We got home way later than we expected. It was a long drive back from the beach in typical Sunday traffic in the high (busy) season that I hadn’t taken into account when planning when we would leave. A lesson learned for next time. To me, that objectively sounds like a really less than ideal way to end a long day. But with this group of friends, at the end of this day, we had a blast the entire time we inched forward.
The music was blaring (in a fun way) in our humble buseta. Everyone was singing, laughing, and swapping stories. We generally made the best of the time. When we finally arrived at the office everyone pitched in and helped unload the barbeque supplies and the recycling we had collected. It was a long day rewarded with good company. A Sunday well spent.
The day started with everyone meeting at the office. It was 8:00am, and again I’m inspired by the amount of hands that showed up to help. Sure, we were getting a day at the beach together and a nice bbq lunch to go with it (which is awesome!), but it’s still collecting trash in the sunny heat of the Puntarenas Province and carefully sifting it into recycling piles to make sure we’re helping the environment properly. My point is there are plenty of other places all nine of us could have chosen to otherwise be on our collective day off, and yet, this is where we all wanted to be.
We have done a couple of park clean ups now, like at Parque de la Paz, and Peace University Park, but this was our first beach cleanup. One thing we have learned from park cleanups is how they’re deceptively filled with trash. You don’t necessarily see what you aren’t looking for. But bend over and pay attention and suddenly you can’t stop seeing the trash, small and large. On a beach, the amount of cigarette butts alone could have kept us there all day, in addition to large chunks of broken materials ditched in the forest the banks the sand.
But once again, when we were decked out in gloves and separate trash bags for junk and recycling, it wasn’t long before people took notice of the pairs we had broken out into and saw the impact we were making. Shirley, the Costa Rican owner and co-operator of the buseta we had rented, asked for gloves and a bag to help in the effort. And before long other people there, just to enjoy a relaxing day on the beach, were pitching in too. One person even asked Shirley, “Why are you doing this?” Her response was simple and profound, “because this is my beach, too.”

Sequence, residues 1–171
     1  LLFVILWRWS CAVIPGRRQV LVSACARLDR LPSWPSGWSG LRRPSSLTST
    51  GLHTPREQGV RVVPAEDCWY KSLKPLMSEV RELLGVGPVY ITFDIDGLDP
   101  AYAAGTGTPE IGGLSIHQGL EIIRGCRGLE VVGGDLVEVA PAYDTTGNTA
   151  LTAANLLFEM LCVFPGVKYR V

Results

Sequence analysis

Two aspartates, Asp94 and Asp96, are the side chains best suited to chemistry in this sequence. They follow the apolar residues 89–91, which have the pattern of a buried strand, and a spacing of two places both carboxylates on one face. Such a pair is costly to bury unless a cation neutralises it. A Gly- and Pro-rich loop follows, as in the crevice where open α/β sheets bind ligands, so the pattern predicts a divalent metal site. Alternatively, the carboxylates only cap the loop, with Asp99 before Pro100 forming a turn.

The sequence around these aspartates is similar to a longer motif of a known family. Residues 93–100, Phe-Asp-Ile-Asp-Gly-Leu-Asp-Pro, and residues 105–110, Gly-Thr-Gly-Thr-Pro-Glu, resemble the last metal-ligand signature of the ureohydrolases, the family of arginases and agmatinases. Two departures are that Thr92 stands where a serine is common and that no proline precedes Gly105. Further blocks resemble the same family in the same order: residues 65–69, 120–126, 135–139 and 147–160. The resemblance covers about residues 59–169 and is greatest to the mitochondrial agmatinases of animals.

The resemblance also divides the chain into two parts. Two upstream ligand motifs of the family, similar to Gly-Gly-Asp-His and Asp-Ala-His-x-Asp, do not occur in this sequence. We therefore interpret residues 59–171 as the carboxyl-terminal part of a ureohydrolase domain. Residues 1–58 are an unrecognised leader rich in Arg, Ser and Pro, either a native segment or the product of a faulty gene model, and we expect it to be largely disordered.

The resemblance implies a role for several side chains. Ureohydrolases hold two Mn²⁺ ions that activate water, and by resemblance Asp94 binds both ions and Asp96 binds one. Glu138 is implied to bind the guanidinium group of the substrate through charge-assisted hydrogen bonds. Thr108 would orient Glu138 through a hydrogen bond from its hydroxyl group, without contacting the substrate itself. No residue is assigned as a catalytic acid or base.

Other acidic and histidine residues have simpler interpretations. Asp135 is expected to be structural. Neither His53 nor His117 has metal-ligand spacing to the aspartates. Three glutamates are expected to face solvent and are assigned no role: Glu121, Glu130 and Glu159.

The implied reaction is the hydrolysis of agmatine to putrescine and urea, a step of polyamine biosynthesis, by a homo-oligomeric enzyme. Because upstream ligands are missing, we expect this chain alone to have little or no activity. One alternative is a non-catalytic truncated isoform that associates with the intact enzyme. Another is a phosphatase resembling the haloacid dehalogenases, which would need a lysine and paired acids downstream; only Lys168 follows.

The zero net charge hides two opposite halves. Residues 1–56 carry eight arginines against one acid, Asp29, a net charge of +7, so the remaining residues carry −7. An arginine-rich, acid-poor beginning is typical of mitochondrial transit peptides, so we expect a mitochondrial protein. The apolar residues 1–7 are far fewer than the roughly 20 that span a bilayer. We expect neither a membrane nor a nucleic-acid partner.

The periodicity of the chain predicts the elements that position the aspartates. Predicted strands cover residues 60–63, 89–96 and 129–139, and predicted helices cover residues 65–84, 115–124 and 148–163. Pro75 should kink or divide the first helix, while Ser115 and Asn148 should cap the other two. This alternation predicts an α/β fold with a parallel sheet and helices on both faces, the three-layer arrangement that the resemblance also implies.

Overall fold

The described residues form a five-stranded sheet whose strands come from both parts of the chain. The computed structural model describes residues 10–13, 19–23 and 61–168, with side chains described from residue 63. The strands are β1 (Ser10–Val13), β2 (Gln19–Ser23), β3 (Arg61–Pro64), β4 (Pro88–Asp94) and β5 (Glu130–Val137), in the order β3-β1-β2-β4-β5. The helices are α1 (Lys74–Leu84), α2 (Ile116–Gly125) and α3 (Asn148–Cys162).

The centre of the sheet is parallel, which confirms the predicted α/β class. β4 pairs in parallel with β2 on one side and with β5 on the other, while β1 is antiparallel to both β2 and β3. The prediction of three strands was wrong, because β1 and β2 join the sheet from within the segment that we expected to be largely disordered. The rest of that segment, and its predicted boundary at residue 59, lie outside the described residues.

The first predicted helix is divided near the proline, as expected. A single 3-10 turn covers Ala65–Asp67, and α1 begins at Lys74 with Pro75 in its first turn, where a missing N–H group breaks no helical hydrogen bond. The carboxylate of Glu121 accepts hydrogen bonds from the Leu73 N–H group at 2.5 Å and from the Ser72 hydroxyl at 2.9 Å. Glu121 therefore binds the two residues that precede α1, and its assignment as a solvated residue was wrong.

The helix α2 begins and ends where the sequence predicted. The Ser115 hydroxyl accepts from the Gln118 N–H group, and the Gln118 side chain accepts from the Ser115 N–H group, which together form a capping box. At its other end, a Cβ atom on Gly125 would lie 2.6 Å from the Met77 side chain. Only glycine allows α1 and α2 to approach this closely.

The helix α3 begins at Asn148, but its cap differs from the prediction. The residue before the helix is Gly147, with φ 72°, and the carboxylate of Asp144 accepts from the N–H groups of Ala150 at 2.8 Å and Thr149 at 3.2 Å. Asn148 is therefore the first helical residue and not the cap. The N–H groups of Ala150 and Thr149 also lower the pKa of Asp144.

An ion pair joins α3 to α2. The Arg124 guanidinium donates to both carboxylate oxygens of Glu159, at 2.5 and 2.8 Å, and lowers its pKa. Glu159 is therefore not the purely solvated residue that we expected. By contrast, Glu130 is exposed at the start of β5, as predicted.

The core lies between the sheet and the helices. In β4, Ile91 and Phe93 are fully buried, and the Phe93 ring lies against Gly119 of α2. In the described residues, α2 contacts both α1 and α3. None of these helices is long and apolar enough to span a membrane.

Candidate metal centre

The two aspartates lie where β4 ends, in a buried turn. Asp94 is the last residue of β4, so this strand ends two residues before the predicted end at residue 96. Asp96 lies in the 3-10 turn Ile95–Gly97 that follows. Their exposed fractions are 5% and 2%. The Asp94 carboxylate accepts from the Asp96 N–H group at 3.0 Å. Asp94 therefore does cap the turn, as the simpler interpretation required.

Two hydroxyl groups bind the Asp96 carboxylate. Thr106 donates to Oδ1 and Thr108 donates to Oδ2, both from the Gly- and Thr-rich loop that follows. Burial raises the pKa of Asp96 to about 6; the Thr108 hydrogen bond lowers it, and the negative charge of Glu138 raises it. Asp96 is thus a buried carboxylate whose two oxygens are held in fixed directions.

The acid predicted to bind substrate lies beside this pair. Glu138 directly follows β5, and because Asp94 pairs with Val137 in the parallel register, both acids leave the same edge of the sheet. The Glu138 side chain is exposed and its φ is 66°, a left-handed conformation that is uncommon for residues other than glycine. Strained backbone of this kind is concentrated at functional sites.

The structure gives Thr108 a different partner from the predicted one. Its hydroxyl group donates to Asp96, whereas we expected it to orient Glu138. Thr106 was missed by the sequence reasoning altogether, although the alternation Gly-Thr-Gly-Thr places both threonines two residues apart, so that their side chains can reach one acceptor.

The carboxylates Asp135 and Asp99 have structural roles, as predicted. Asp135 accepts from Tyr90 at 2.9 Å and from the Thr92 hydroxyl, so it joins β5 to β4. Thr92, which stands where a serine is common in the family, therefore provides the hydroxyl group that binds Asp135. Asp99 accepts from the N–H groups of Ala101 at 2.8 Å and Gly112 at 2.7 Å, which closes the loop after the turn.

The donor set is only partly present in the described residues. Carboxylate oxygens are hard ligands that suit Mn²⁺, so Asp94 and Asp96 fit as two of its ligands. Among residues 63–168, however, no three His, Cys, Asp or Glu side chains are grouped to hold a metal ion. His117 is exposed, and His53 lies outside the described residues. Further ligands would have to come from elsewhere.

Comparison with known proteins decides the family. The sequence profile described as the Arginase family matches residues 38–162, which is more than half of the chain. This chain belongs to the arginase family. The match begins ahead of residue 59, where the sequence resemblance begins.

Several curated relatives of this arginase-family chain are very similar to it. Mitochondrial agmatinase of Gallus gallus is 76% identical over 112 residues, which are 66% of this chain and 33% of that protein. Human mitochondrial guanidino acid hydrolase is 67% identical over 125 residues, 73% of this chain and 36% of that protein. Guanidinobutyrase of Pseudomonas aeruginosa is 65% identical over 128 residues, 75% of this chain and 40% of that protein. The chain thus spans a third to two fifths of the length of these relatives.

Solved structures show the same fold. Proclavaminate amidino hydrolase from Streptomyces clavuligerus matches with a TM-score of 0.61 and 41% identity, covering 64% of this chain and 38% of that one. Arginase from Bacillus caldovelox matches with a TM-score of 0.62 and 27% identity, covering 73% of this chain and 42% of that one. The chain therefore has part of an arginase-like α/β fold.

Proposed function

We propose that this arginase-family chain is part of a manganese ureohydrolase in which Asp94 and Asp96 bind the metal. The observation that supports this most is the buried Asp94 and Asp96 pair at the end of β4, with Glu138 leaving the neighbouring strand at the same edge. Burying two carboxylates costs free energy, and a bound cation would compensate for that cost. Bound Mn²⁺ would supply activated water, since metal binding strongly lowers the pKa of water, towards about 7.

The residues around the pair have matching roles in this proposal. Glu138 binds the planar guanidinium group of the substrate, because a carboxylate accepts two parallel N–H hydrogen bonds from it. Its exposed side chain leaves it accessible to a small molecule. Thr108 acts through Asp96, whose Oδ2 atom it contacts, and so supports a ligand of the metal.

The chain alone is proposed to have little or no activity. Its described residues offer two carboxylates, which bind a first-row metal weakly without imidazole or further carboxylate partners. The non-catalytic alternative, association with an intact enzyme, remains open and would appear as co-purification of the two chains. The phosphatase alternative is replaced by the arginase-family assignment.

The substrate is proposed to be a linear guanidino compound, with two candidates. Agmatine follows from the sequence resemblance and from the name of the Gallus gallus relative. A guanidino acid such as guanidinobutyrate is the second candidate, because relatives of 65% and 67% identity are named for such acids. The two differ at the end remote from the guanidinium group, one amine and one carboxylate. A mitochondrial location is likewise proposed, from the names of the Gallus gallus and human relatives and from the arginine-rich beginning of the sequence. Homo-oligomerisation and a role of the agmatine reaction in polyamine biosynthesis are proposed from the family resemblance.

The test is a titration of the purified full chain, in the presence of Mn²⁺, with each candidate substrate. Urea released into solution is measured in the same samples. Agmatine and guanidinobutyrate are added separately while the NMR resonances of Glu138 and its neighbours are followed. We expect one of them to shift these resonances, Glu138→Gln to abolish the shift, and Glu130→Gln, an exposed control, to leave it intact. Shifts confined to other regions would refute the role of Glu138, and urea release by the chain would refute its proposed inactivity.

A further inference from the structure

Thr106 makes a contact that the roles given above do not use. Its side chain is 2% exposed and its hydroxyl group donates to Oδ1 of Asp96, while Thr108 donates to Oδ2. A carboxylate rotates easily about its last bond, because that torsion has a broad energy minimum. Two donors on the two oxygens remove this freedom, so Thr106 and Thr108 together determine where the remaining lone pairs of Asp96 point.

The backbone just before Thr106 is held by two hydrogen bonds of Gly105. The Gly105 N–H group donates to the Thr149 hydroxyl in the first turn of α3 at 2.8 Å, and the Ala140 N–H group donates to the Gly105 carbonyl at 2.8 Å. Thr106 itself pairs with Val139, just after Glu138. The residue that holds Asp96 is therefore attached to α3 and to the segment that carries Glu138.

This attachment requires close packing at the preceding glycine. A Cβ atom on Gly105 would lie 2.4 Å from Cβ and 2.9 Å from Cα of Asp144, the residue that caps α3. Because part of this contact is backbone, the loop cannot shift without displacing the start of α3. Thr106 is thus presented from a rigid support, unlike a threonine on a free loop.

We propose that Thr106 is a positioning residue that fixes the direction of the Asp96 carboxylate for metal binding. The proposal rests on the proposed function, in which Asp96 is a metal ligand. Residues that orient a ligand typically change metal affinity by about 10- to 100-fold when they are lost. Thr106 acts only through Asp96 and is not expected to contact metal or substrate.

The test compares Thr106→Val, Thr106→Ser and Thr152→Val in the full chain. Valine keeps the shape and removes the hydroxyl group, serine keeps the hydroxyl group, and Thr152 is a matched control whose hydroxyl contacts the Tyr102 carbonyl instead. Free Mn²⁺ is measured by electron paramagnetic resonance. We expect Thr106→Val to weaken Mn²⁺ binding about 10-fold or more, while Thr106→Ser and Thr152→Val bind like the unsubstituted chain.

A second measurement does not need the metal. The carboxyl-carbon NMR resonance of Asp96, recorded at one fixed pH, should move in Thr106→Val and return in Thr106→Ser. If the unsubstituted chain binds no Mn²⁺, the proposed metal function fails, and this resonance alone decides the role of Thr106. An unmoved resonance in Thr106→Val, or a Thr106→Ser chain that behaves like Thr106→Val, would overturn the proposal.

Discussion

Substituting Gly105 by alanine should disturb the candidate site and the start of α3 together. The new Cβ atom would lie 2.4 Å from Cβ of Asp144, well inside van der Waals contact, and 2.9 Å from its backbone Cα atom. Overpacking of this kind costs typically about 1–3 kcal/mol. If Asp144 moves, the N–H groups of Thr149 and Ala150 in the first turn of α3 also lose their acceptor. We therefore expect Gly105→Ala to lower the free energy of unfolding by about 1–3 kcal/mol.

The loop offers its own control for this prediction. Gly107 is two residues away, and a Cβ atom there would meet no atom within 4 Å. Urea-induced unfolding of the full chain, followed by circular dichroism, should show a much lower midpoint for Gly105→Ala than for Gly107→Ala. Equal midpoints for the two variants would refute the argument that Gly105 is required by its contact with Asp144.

Because this is their beach. And it’s our beach, too. This is why we were there. We are welcome guests in this gorgeous country. We are also active participants. When you’re invited over for dinner, you’re of course going to offer to wash the dishes.
After concluding our efforts with a celebratory cheer, we concluded our cleanup by moving to a more secluded and shaded area that was perfect to set up hammocks and start the grill. We had Frisbees and volleyballs to toss around in the ocean and made new friends while doing so. Shirley, the joiner, of course, came out and had fun with us in the ocean.
On our way home we stopped for batidos, or fruit smoothies, as an extra gift from Idioma Cares that Bailey had chosen for all of us. And even though it took a long time to arrive to our beds after that, we loved and made the most of every second of it.
This is their beach. And it’s our beach, too. I think we all took pride in knowing we had shown that the respect and reciprocity it deserved. It was a delicious meal. And we made sure to do our dishes.